Areas of the country that find themselves without a reliable source of local news tend to be poorer, older and less educated than those covered well, Northwestern University’s Medill School of Journalism, Media and Integrated Marketing Communications said.
The country had 6,377 newspapers at the end of May, down from 8,891 in 2005, the report said. While the pandemic didn’t quite cause the reckoning that some in the industry feared, 360 newspapers have shut down since the end of 2019, all but 24 of them weeklies serving small communities.
An estimated 75,000 journalists worked in newspapers in 2006, and now that’s down to 31,000, Northwestern said. Annual newspaper revenue slipped from $50 billion to $21 billion in the same period.
Even though philanthropists and politicians have been paying more attention to the issue, the factors that drove the collapse of the industry’s advertising model haven’t changed. Encouraging growth in the digital-only news sector in recent years hasn’t been enough to compensate for the overall trends, said Penelope Muse Abernathy, visiting professor at Medill and the report’s principal author.
Many of the digital-only sites are focused on single issues and are clustered in or close to big cities near the philanthropic money that provides much of their funding, the report said.
News “deserts” are growing: The report estimated that some 70 million Americans live in a county with either no local news organization or only one.
“What’s really at stake in that is our own democracy, as well as our social and societal cohesion,” Abernathy said.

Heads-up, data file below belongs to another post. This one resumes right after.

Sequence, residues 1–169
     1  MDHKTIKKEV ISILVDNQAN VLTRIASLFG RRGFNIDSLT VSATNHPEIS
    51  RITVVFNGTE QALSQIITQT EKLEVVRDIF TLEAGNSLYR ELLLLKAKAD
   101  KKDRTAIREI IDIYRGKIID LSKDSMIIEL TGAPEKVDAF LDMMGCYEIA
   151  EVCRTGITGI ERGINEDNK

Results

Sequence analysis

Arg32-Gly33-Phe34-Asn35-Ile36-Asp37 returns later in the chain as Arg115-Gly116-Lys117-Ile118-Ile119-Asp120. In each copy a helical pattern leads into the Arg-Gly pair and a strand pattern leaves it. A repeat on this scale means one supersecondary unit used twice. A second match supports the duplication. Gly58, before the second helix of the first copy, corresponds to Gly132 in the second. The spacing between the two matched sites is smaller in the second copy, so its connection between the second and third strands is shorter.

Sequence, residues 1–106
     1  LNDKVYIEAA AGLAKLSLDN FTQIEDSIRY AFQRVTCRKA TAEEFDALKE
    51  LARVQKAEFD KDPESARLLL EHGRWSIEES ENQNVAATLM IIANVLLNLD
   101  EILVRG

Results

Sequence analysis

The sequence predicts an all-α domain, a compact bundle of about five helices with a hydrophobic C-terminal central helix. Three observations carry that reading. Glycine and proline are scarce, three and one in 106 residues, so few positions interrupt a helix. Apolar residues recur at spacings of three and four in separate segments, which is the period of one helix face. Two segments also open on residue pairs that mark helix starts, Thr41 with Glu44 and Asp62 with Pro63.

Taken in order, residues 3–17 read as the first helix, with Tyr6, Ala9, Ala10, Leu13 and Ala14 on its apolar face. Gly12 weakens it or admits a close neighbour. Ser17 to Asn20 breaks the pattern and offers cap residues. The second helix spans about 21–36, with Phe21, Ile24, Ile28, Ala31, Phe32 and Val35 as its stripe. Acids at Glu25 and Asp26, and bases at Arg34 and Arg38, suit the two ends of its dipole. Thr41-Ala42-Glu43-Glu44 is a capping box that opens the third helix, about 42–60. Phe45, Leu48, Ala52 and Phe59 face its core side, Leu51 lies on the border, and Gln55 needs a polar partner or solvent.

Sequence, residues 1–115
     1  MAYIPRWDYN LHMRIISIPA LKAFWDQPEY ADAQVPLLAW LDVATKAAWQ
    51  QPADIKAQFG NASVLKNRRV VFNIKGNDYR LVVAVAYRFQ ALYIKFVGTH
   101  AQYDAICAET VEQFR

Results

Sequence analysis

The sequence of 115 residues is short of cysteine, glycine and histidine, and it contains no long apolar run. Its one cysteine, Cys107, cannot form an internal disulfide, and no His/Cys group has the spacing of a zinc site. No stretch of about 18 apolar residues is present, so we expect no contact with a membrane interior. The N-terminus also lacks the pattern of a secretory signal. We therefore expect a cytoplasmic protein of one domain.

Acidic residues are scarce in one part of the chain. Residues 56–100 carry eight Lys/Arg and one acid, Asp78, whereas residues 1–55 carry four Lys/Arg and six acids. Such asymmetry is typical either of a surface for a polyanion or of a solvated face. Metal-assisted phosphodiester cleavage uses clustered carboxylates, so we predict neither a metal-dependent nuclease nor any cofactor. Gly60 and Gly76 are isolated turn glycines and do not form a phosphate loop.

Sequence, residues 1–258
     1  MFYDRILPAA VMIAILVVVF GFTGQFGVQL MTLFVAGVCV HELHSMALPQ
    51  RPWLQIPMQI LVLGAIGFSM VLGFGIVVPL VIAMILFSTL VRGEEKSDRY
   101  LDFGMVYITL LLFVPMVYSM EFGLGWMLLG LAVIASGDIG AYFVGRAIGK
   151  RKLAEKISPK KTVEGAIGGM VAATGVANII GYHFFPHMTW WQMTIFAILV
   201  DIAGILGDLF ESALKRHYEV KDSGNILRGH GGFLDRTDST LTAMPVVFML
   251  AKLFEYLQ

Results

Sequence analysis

True “daily” newspapers that are printed and distributed seven days a week are also dwindling; The report said 40 of the largest 100 newspapers in the country publish only- digital versions at least once a week. Inflation is likely to hasten a switch away from printed editions, said Tim Franklin, director of the Medill Local News Initiative.
Much of the industry churn is driven by the growth in newspaper chains, including new regional chains that have bought hundreds of newspapers in small or mid-sized markets, the report said.
Less than a third of the country’s 5,147 weekly newspapers and a dozen of 150 city and regional daily papers are now locally-owned and operated, Medill said.
Abernathy’s report pointed to a handful of “local heroes” to counter the pessimism that the raw numbers provide. One is Sharon Burton, publisher and editor of the Adair County Community Voice in Kentucky, where she pushes her staff toward aggressive journalism while also successfully lobbying to expand postal subsidies for rural newspapers.